Q&A with ProCoach Nick Green: Playoff Baseball from the Dugout
With playoff baseball upon us, UP17 decided to sit down with ProCoach Nick Green to discuss his playoff baseball experiences:
UP17: Nick, can you talk about your playoff baseball experience and how it differs from the regular season?
Nick: I was fortunate enough to be a part of three different Division Series. In 2004 (my rookie season with the Atlanta Braves), we won 96 games and won the NL East division by 10 games. We had a really good team but it’s all about who is hot at the right time. The Houston Astros beat us three games to two in the five game series. Carlos Beltran, who had been traded from Kansas City to Houston in June, single handled beat us. He had a monster series, going 10-22, 4 HR, 9 RBI and 9 Runs scored in the five games. Lance Berkman and Craig Biggio both hit over .400 in the series, but it was hard to forget the huge hits and the feel of what Beltran had done. We played good baseball for the first four games, but Game 5 felt a little different. Every single pitch, at bat, and out felt more important than the rest of the series. It was win or go home. The losing feeling in my stomach was something I hadn’t had since high school when we lost the state championship my Sophomore year.
In 2006, while I was with the New York Yankees, we won 97 games and won the AL East division by 10 games. Jorge Posada hit 23 HR and had 93 RBI. Derek Jeter hit .343 and won the batting title. Robinson Cano hit .342 and finished second in the AL in hitting behind Jeter. Alex Rodriguez hit 35 HR and had 121 RBI. Johnny Damon had 24 HR, Jason Giambi hit 37 HR with 113 RBI as well. We also had Melky Cabrera, Bobby Abreu, Bernie Williams, Hideki Matsui and Gary Sheffield. This team was the best offensive team I’ve ever played on. The pressure of the playoffs is real! We scored eight runs in Game 1 (which we won) and a total of six runs over the last three games, eventually losing to the Detroit Tigers in four games of the ALDS. These guys are some of the best players ever and you see what happened once the post season hit. It’s so easy to say, “Just relax and have fun. Play like it’s the regular season.” It’s just not that easy to do. The intensity and pressure are amplified by a million.
In 2009, our Boston Red Sox team won 95 games and finished 2nd in the AL East behind the NY Yankees. Again, we had a really good team led by Jacoby Ellsbury, Dustin Pedroia, Kevin Youkilis and David Ortiz. It was another short series in the ALDS. We were swept by the Anaheim Angels in 3 games. We couldn’t get anything going offensively until Game 3 and it was too late by then. Ellsbury, Pedroia, Youkilis and Ortiz had 7 hits between them in 3 games. It’s so hard to come back from being down 2-0 in a 5-game series. Every pitch, every out, every at bat means something. It has to be a collective team effort in the playoffs.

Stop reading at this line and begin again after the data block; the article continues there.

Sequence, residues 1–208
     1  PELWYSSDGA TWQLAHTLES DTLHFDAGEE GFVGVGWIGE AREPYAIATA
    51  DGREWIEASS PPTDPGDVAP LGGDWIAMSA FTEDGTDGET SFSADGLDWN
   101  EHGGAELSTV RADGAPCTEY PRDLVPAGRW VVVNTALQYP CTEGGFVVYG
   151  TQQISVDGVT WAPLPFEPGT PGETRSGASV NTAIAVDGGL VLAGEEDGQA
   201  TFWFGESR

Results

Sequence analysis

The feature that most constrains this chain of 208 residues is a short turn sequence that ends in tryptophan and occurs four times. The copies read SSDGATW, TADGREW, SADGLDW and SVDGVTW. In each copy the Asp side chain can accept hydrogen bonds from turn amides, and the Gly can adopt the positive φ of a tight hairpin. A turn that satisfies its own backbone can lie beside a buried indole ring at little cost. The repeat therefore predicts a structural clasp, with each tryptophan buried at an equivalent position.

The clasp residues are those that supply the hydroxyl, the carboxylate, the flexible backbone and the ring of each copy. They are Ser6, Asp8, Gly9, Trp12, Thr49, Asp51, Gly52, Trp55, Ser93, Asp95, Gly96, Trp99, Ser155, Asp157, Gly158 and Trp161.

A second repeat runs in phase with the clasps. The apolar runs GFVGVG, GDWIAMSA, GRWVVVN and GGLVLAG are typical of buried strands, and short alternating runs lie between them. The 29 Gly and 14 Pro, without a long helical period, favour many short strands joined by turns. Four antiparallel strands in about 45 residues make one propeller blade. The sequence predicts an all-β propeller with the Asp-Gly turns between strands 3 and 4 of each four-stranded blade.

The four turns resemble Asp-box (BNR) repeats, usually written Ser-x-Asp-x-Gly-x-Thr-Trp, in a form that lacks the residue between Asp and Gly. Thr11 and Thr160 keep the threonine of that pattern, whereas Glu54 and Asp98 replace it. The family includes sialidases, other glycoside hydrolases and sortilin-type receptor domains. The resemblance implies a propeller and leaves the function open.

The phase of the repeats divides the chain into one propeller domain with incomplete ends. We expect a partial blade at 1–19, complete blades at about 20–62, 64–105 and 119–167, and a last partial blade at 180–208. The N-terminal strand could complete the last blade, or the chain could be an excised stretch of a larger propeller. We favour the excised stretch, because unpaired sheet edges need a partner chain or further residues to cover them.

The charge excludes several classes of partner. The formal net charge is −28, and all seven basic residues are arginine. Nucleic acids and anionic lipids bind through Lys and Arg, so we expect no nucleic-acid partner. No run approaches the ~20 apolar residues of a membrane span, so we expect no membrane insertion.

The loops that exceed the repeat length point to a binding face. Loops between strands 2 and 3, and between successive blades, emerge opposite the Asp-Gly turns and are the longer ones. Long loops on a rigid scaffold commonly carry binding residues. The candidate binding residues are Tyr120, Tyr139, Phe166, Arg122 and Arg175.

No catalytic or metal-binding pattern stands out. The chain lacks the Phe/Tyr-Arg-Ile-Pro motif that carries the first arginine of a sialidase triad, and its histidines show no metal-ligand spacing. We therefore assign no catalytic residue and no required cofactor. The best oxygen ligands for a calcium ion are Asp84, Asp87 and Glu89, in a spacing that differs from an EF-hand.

It’s hard to describe the feelings and how different they are in the playoffs than during the regular season. Every single person in the dugout knows what’s on the line. You don’t have 100 more games or 50 more games. It’s a best of 5, best of 7 or now, win or go home (Wild Card games).
UP17: Why do you feel your routine and preparation are so important during the playoffs?
Nick: Your routine is part of your preparation. We tend to do the same things every single day for 6-7 months in this game. It’s a game of routine and repetition, and that doesn’t stop once the playoffs come. Guys tend to back off some of the reps the longer the season goes on, but you still do the same things and get your work in. You wouldn’t ever tell somebody, “Hey, you hit .300 in the regular season. Don’t worry about getting your tee work in today.” That tee work is what helped you hit .300. It was important and you don’t want to change that or get complacent.
UP17: What was the most important thing that you and other players did to ease the pressures of playoff games?
Nick: You really just want to try to keep that same routine and same attitude. Once you realize how much the moment means, it’s often hard to relax. Typically, the harder you try to be perfect, instead of trusting the hard work you’ve put in will translate to success, the less success you have. David Ortiz says he tried to pretend he was sipping margaritas on the beach in big moments. You have to try to find whatever gets you in that happy state. I always try to remember that I’ll still wake up tomorrow and my family will love me, no matter how I play today. Have fun, enjoy the moment.
UP17: Did the overall game plan change? More bunts, focus on execution, etc…?
Nick: There is no doubt game plans change in the playoffs. Positioning, and how you approach pitchers or hitters doesn’t necessarily change. But there isn’t as much slack given to starting pitchers. You’re going to play more matchups. You’ll see a lefty come in just to get Bryce Harper out. You’ll see a sinker ball pitcher come in a game that has one out with a man on 1st and 2nd. You’ll see closers come in for a five or six-out save. A lot of things change because of the importance of every out. Hitters who might not always try to move a runner over to 3rd base with no outs, might try to move a runner.
The ultimate goal in the big leagues is to win ballgames. When it gets to playoff time, chemistry and having the right personnel is so important. Everybody that plays this game wants a World Series ring and will do whatever it takes to get one!
*If you are interested in working on your game with a former Major Leaguer like Nick, please contact us and ask about a free consultation.